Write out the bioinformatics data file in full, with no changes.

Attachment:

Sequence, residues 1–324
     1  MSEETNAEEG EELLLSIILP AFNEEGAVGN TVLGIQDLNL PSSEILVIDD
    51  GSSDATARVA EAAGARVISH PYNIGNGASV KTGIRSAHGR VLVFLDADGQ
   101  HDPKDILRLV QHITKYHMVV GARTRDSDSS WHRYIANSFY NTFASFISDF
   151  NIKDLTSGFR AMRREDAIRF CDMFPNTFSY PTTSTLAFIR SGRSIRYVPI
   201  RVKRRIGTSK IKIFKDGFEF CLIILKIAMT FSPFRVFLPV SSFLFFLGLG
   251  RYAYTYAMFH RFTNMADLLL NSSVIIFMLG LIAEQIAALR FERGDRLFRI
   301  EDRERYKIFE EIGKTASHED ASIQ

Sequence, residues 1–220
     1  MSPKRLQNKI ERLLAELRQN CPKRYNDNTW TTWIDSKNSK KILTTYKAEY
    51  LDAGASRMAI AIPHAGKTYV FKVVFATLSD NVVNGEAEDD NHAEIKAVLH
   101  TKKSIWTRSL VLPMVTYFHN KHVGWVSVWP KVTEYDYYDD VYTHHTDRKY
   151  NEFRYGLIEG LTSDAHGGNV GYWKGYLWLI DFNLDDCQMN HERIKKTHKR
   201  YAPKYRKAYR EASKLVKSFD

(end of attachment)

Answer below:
Sequence, residues 1–324
     1  MSEETNAEEG EELLLSIILP AFNEEGAVGN TVLGIQDLNL PSSEILVIDD
    51  GSSDATARVA EAAGARVISH PYNIGNGASV KTGIRSAHGR VLVFLDADGQ
   101  HDPKDILRLV QHITKYHMVV GARTRDSDSS WHRYIANSFY NTFASFISDF
   151  NIKDLTSGFR AMRREDAIRF CDMFPNTFSY PTTSTLAFIR SGRSIRYVPI
   201  RVKRRIGTSK IKIFKDGFEF CLIILKIAMT FSPFRVFLPV SSFLFFLGLG
   251  RYAYTYAMFH RFTNMADLLL NSSVIIFMLG LIAEQIAALR FERGDRLFRI
   301  EDRERYKIFE EIGKTASHED ASIQ

Sequence, residues 1–220
     1  MSPKRLQNKI ERLLAELRQN CPKRYNDNTW TTWIDSKNSK KILTTYKAEY
    51  LDAGASRMAI AIPHAGKTYV FKVVFATLSD NVVNGEAEDD NHAEIKAVLH
   101  TKKSIWTRSL VLPMVTYFHN KHVGWVSVWP KVTEYDYYDD VYTHHTDRKY
   151  NEFRYGLIEG LTSDAHGGNV GYWKGYLWLI DFNLDDCQMN HERIKKTHKR
   201  YAPKYRKAYR EASKLVKSFD